Despite shale oil boom and weak demand, preserving surplus oil a priority says Khalid al-Falih
Saudi Aramco plans to invest $35 billion over the next five years in projects to protect an oil production capacity cushion the world still relies on despite a shale oil boom and weak demand, the head of the world's biggest oil producer said.
"Preserving our spare oil production capacity is crucial to maintaining oil market stability because it plays a pivotal role in protecting the world's economic health," Khalid al-Falih told an Oxford University seminar in a speech posted on Aramco's website on Monday.
"So we are continuing to strengthen our oil business to meet the rising call on our oil production; in fact, we plan to invest $35 billion over the next five years in crude oil exploration and development alone to keep our oil production portfolio robust."
Despite weak demand in Europe, Saudi Aramco has been pumping oil at multi-decade highs of around 10 million barrels per day (bpd) for much of this year, largely to make up for sanctioned Iranian oil, leaving around 2.5 million bpd of capacity.
Saudi Oil Minister Ali Al-Naimi said in June it was unclear whether the kingdom would need to increase its capacity beyond current levels, thanks to uncertain demand and rising supplies of alternative energy sources.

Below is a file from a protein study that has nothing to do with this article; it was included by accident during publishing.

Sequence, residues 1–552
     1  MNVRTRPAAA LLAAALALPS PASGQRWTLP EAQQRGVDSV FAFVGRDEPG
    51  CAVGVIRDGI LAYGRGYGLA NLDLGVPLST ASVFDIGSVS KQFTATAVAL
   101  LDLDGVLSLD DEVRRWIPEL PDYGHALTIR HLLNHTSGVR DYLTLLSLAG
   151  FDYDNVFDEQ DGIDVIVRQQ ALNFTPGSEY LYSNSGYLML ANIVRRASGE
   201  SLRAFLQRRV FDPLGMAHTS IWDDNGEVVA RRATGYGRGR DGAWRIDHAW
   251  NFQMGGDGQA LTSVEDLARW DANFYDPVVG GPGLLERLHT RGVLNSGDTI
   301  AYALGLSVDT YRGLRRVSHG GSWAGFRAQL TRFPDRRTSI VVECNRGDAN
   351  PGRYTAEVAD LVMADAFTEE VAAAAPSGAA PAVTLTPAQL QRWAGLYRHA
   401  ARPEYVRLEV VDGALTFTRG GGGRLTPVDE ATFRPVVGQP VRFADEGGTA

But large investments in new production capacity are still needed to offset declines in older fields if Saudi Arabia is to maintain its key position as the world's only swing producer over the next decade.
Until the financial crisis began of 2008, expectations of a sustained and rapid rise in energy demand stoked concern among many consumers that Saudi Arabia's 12.5 million bpd capacity might not provide a comfortable cushion for long.
But supplies of oil have since ballooned at a time of weak demand, with global economic growth potentially taking years to return to pre-crisis levels while efficiency improvements in the transport sector weigh on oil demand further.
"A paradigm shift is underway that is significantly changing the global energy picture from what was commonly perceived only a few years ago," Falih said at the Oxford Energy Seminar.
"We are seeing downward pressure on demand as life-style and demographic changes take hold, while environmental pressures and government policies (including potential carbon taxes) continue to work against oil in particular and fossil fuels in general."
The chief executive of the world's largest oil exporter pointed to increased extraction of unconventional and heavy oils and new conventional oil discoveries around the world as the main drivers of abundant new supplies to the market.
"Over just the past five years, global proven oil reserves have increased by more than 200 billion barrels. That's like discovering another Kuwait and UAE combined," he said.